The Rhamphorhynchus (Rhamphorhynchus muensteri) is a pterosaur in the Rhamphorhynchidae family of long-tailed pterosaurs in the Jurassic period. Rhamphorhynchus means beak snout. It is a cousin of the dinosaurs, and it is believed to be among the first flying vertebrates.
It had a long tail that ended with a soft tail vane. It had needle-like teeth that were angled forward. It also had a curved, sharp, beak-like tip that lacked teeth. From a study of its teeth and stomach contents, palaeontologists think that its diet was mainly fish and cuttlefish.
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The Epidexipteryx (Epidexipteryx hui) is a small pterosaur, a cousin of the dinosaur, in the Scansorioptergidae family.
Palaeontologists found a partial skeleton, which was from the Middle Jurassic or Upper Jurassic period.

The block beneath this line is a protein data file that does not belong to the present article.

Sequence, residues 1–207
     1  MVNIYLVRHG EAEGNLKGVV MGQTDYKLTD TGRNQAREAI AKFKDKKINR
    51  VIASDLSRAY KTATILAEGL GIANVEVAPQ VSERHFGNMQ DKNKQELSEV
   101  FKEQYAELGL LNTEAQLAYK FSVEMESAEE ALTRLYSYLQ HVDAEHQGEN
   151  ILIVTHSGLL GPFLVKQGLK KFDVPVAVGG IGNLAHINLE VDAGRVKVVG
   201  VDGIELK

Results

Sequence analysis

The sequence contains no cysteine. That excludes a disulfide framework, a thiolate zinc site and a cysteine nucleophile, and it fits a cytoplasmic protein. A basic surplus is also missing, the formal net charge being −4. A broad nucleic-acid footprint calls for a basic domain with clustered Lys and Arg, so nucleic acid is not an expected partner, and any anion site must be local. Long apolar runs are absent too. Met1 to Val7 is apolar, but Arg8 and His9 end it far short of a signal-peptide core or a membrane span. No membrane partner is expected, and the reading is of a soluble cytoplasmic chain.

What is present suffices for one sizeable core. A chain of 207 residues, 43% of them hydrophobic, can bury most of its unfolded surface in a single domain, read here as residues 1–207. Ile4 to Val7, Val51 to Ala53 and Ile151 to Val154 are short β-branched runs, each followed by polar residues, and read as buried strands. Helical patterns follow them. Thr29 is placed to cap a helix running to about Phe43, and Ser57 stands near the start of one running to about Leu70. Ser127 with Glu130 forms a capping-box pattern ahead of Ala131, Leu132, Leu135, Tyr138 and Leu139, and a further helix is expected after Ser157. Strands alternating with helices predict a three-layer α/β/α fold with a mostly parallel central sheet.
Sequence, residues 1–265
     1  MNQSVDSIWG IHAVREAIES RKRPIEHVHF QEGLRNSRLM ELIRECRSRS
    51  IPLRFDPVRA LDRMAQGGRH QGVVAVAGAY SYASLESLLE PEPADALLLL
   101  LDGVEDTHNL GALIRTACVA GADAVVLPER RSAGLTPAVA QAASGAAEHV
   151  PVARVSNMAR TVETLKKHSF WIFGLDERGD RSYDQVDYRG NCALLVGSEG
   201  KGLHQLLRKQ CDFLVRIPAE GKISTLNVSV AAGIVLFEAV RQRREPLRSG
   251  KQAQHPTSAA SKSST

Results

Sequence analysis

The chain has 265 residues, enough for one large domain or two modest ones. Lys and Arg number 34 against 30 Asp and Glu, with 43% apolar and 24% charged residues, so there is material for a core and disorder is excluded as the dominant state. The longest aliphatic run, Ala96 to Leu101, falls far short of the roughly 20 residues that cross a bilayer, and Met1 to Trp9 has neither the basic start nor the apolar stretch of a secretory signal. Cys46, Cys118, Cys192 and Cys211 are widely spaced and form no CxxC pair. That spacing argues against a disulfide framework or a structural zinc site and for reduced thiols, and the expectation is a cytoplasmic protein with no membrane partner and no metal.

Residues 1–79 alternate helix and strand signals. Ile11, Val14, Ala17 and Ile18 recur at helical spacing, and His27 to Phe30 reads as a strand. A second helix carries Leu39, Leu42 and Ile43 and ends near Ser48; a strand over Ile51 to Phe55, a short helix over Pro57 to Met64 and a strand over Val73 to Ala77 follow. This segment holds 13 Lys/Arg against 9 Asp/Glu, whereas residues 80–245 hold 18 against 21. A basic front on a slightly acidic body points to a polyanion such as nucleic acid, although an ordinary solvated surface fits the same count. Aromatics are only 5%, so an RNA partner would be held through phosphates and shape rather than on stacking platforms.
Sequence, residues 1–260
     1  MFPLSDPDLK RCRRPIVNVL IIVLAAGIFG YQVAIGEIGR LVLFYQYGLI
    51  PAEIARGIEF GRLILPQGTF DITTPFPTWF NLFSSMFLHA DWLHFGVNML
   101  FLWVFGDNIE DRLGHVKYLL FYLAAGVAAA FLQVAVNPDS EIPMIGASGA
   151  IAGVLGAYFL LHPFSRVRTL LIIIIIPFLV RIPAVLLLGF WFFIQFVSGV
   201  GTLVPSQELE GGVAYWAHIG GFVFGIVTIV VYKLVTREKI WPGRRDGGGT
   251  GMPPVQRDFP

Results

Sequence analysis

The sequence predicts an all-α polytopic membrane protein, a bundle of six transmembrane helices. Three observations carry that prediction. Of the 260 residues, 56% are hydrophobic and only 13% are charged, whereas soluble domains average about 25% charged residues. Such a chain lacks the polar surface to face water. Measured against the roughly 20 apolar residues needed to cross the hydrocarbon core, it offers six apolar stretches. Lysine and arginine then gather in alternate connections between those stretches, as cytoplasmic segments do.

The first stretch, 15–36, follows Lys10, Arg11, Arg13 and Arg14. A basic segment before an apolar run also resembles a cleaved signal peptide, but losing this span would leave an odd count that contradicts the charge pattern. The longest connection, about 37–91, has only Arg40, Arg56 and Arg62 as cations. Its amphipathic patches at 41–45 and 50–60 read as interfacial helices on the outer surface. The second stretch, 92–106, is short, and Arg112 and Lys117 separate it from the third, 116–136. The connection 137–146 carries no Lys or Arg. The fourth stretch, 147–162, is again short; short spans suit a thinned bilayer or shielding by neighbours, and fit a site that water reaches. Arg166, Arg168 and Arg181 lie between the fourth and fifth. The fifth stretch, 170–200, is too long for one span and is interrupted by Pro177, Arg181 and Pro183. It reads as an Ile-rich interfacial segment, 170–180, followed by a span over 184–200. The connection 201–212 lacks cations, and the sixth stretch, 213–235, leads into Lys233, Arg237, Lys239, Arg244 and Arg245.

It had four long tail feathers with central, unbranched rachis (spines) and vanes. Modern birds have branched vanes. It also had simpler body feathers than modern-day birds. It had teeth, but only in the front of the jaw, with long front teeth angled forward.
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The Archaeopteryx (Archaeopteryx lithographica) is a small pterosaur, a cousin of the dinosaur, in the Archaeopterygidae family. Archaeopteryx means ancient wings.
Palaeontologists think it was the oldest known bird that was on the Earth. It lived in the Late Jurassic period around 150 million years ago in the land that it now called Europe.
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